2

Turning the envelope over, his hand trembling, Harry saw a purple wax seal bearing a coat of arms; a lion, an eagle, a badger, and a snake surrounding a large letter H.
(Harry Potter and the Sorcerer's Stone)

It seems like a colon is more plausible in where the semicolon is, for after this mark are the contents of the previous coat of arms. What does the semicolon intend to say?

  • 4
    As you say, it should be a colon. I think this is what in the LitCrit biz we call a lapsus calami or mistake. – StoneyB on hiatus Sep 13 '13 at 12:01
  • ... does the editorial biz say a subtle typographical malformation ? ;-P – Howard Pautz Sep 13 '13 at 18:46
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It would make sense to use a semicolon to separate independent clauses that already contains commas or between items in a series that already contain commas.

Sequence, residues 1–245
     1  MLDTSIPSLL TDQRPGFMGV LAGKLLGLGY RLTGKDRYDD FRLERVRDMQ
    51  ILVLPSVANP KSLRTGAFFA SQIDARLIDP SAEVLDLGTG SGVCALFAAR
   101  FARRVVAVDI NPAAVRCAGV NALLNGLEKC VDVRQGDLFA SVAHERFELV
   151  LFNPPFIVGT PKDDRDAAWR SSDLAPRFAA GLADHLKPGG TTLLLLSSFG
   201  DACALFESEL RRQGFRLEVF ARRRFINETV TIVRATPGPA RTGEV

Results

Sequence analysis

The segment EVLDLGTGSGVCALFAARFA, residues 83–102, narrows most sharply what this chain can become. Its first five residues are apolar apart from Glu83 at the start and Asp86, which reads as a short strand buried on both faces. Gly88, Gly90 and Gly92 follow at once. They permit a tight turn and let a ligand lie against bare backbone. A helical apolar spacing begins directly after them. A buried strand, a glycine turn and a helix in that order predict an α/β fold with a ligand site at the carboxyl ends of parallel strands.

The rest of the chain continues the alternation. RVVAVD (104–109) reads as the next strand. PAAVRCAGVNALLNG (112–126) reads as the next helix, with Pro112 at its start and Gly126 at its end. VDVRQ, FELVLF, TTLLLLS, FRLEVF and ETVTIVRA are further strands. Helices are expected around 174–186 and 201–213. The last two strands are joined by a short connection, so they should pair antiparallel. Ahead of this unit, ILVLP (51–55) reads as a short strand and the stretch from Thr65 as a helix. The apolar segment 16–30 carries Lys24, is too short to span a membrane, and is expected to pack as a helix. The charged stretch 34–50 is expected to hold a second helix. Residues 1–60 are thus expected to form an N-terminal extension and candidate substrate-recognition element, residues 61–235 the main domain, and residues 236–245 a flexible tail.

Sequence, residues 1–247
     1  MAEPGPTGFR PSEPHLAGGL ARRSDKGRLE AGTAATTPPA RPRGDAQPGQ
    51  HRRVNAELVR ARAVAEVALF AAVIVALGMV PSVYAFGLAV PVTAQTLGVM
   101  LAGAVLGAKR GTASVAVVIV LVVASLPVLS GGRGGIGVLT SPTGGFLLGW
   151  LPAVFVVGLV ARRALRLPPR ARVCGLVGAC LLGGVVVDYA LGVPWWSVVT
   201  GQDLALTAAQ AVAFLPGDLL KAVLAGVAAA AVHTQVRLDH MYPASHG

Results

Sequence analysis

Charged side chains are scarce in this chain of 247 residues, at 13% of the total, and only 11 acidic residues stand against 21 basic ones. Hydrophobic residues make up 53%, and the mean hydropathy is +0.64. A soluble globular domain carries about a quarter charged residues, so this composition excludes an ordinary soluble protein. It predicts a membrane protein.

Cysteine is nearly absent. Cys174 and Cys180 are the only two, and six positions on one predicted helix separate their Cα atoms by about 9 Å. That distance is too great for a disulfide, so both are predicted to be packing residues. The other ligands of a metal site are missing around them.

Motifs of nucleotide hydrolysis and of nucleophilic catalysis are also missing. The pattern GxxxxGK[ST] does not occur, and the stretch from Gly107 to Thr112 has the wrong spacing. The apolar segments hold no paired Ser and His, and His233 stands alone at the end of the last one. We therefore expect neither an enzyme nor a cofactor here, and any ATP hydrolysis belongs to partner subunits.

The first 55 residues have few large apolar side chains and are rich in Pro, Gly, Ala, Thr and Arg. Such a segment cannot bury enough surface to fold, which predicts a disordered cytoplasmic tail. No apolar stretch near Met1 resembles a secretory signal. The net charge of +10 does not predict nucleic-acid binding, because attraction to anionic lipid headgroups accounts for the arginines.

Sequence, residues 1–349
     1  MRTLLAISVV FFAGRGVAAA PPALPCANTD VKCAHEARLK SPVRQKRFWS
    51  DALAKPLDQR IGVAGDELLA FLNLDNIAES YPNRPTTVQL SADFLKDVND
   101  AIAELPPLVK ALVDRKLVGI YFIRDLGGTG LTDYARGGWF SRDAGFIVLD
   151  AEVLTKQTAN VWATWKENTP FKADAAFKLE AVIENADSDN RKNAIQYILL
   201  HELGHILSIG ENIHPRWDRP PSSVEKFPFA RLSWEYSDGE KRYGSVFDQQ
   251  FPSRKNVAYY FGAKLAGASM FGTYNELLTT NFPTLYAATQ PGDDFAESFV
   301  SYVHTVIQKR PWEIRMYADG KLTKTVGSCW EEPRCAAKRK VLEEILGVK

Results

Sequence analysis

We, your unsung heroes, wouldn't imply that it's time for you to hop on the bandwagon, face the music, and sing a different tune; but we are not whistling Dixie when we say it's time for you, Johnny One-Note, to know your brass from your oboe.

Although we have tried to explain in a tasteful, melodious manner the distinctions among introducing marks of punctuation, such as commas, colons, and dashes; separating marks, such as commas, semicolons, and periods; and end-of-sentence marks, such as periods, question marks, you probably still feel that this book is filled with too much sax and violins.

In the sentence you quote, though, "a lion, an eagle, a badger, and a snake surrounding a large letter H" describes the coat of arms, and the semicolon is wrong. In that case a comma should be used. Somebody would also prefer using a colon.

The past night I dreamed a hippogriff, the legendary creature which resembles a winged horse with the head and upper body of an eagle.

The past night I dreamed a hippogriff: the legendary creature which resembles a winged horse with the head and upper body of an eagle.

The examples have been taken from "Comma Sense, A fun-damental guide to punctuation."

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